Mulhuddart Councillor, Patrick Nulty


Those bare facts Q CONOR LYNCH

MY father has always had a fine head of hair. Oh, how I envy him. Even now at 76, he can still boast to having a finer thatch than me over 30 years his junior. Men can be very vain, quite like their female counterparts. And, nowadays, with hair plugs and implants, the options to increase growth are endless. For some of us, however, the growth can be just like our economy at the moment, and equally as depressing. This was never an issue for my oul fella’ however.

It was more the colour for him. He told me once he dyed it black. Well, he tried to dye it black. He said he put in this dye that you had to leave in for five minutes and then wash it out. Unfortunately for him, the phone rang in those crucial five minutes of transformation. Even more unfortunate, was the fact that it was his mother-in-law wondering why her heating wasn’t working. Twenty-seven minutes later, he ran back up the stairs to the bathroom. The damage was done. His ears and lips had swollen up and he spent the next day-and-a-half in the eye and ear hospital. This didn’t faze him. He was more concerned that his hair hadn’t worked out. “I wouldn’t mind, but I looked like Tony Curtis,” was all he kept repeating, distraught. Because of his luscious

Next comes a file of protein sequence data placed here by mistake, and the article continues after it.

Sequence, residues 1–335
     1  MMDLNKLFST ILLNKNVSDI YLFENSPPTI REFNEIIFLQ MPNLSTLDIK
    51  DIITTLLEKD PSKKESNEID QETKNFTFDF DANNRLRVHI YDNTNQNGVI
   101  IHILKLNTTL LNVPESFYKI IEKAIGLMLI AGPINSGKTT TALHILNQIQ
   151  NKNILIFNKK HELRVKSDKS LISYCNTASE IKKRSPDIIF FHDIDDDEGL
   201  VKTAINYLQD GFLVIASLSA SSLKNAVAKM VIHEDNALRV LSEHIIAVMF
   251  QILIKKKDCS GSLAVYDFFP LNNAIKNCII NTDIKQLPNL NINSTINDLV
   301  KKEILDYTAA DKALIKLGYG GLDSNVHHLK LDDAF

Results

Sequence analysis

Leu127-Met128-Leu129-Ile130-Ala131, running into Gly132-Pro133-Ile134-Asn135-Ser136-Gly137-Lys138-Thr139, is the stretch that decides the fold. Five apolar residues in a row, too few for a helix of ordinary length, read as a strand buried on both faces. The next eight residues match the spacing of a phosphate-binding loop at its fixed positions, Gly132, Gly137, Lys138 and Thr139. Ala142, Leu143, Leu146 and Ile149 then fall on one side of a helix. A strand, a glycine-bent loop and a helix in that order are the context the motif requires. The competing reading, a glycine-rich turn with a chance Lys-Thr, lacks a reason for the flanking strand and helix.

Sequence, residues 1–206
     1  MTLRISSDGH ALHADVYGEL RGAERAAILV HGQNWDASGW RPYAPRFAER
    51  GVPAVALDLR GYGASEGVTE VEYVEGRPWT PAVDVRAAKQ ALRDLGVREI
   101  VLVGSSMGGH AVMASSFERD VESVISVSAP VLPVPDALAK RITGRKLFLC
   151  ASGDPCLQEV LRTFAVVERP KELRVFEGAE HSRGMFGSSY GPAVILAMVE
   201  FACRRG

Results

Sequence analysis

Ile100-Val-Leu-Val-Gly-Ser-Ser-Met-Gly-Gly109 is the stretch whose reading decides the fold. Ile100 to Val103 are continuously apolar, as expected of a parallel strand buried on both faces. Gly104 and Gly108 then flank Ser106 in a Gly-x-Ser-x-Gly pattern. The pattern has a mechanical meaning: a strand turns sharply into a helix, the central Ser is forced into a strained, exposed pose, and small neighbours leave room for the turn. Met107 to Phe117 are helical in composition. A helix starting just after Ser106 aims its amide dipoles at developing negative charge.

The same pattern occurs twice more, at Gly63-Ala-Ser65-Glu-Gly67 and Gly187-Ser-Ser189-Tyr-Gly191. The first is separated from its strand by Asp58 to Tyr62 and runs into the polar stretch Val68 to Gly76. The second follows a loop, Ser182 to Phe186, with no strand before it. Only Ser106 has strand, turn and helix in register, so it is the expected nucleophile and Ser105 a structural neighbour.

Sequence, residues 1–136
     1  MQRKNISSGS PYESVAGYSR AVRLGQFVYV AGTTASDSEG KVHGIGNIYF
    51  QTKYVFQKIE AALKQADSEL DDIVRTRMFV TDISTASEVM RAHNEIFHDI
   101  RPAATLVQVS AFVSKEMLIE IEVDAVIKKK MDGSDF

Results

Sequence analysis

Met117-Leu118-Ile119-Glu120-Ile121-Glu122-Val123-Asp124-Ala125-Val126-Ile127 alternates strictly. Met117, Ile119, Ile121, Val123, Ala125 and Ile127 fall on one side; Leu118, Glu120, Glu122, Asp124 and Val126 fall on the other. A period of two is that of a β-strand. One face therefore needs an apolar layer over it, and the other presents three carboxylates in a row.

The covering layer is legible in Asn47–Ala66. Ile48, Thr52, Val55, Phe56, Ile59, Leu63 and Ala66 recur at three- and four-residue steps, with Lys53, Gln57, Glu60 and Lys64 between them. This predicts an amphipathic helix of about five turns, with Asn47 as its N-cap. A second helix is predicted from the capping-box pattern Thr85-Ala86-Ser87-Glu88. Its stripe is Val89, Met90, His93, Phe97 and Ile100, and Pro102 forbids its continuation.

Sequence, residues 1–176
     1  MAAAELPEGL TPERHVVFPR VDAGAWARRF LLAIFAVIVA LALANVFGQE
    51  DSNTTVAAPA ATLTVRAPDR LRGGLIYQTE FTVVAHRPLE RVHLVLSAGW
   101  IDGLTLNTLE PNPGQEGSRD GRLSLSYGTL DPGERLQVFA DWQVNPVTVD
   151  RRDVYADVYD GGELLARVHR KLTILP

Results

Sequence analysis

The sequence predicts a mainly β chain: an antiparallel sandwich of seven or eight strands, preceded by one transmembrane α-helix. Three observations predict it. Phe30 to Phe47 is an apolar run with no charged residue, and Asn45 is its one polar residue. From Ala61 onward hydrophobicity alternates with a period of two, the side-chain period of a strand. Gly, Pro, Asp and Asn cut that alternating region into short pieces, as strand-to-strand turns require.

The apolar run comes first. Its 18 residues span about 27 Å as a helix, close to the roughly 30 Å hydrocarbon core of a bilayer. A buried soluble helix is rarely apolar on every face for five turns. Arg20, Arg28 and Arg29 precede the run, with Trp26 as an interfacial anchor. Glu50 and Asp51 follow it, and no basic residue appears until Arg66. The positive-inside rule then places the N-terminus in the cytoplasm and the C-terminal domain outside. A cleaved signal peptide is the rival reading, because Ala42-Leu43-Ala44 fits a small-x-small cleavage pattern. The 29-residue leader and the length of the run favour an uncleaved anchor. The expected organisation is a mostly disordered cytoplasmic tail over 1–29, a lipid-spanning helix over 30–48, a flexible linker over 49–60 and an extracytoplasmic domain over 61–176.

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equal tragedy that would befall poor Norman. “Well this day,” continued Chivers, “Norman dove straight in – head first. And in the bottom of the canal on the bed was a dead pig.” The group looked at this bald man as he told this tale of woe about his equally bald brother. “He crashed head first into the pig. Slap bang and it stuck to his head!” The group looked in awe at poor Chivers as tears came to his eyes as he recalled how Norman stood up in the canal with the dead pig on his head.